Freezing extra fruit after a harvest is a good way to plan ahead and not be wasteful. To start, make sure you have enough space in your freezer. Don’t wash your fruit. Washing will increase the water content within the fruit and make it more vulnerable to freezer burn. Remove any fruit that is rotting or isn’t fully ripened. Bruised fruit is fine to freeze as long as it isn’t moldy. Place all of your fruit into a plastic sealable bag and try to get as much air out as possible -- this will reduce the risk of contamination and freezer burn. Then simply toss your fruit into the freezer until you need it.
How To Increase Juice Extraction For Fruit Wine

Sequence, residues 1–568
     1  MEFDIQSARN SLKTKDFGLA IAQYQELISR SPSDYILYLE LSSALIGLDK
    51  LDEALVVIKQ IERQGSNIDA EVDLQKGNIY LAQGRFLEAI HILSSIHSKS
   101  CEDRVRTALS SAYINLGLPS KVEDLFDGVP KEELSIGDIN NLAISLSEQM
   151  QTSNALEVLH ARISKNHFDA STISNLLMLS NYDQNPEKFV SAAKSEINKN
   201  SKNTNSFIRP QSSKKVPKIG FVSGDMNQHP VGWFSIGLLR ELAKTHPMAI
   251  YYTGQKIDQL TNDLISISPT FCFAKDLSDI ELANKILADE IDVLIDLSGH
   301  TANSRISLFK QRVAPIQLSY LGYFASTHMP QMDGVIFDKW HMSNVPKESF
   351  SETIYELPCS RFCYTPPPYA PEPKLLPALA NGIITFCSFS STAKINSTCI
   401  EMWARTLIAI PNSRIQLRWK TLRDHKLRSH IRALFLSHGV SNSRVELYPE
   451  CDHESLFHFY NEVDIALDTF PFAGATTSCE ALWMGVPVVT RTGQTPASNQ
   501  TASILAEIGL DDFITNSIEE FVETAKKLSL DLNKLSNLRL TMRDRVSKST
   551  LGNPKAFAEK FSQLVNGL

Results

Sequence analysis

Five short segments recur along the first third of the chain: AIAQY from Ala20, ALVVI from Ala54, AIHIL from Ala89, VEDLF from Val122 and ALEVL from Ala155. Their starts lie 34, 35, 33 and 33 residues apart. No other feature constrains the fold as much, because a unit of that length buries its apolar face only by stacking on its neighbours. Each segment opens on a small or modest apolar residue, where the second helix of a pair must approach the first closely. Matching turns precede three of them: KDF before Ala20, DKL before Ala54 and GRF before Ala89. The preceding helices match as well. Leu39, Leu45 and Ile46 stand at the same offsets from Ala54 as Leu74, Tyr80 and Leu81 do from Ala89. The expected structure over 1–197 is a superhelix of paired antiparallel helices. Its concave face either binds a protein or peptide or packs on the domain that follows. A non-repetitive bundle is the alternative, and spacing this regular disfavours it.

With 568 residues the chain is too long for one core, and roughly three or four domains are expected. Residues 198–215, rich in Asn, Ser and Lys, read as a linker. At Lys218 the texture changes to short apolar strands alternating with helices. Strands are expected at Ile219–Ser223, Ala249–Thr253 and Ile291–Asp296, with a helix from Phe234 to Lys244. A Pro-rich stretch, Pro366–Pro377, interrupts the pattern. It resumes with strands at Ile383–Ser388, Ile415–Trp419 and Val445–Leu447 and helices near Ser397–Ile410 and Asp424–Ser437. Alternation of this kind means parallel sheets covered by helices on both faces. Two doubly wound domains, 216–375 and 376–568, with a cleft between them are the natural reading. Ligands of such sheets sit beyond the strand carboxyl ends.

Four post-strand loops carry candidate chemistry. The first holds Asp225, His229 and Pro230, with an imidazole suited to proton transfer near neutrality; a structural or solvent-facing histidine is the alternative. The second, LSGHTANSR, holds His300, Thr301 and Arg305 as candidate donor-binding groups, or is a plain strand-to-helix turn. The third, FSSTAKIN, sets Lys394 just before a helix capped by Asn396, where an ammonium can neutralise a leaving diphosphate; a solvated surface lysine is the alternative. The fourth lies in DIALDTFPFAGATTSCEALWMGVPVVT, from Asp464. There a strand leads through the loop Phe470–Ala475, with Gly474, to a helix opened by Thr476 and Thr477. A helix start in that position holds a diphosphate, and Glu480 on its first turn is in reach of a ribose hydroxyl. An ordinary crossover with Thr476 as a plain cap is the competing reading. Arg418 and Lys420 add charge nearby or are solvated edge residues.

There are also other positive benefits to using frozen fruit in fruit winemaking. Freezing fruit before it’s pressed can maximize the amount of juice you’re able to extract for fruit wine. The cell walls within the fruit will break down or often rupture when frozen. As the fruit is brought back to room temperature it becomes softer and is much easier to press into juice.
What Causes Freezer Burn?
Fruit will store very well in the freezer, but be watchful of freezer burn. All frozen foods are at risk for freezer burn, but poorly sealed packages are most vulnerable. Oxygen will manipulate water molecules stored inside the fruit and convert them from a solid to a gas. The gas will attempt to leave the fruit and create crystals of ice in the wake of its escape. This will give the surface of your fruit that burned, leathery or shriveled texture when defrosted. While fruit affected by freezer burn is still safe to eat, it is not ideal for wine. Freezer burn will give the juice extracted from the fruit an off-flavor and may ruin the wine.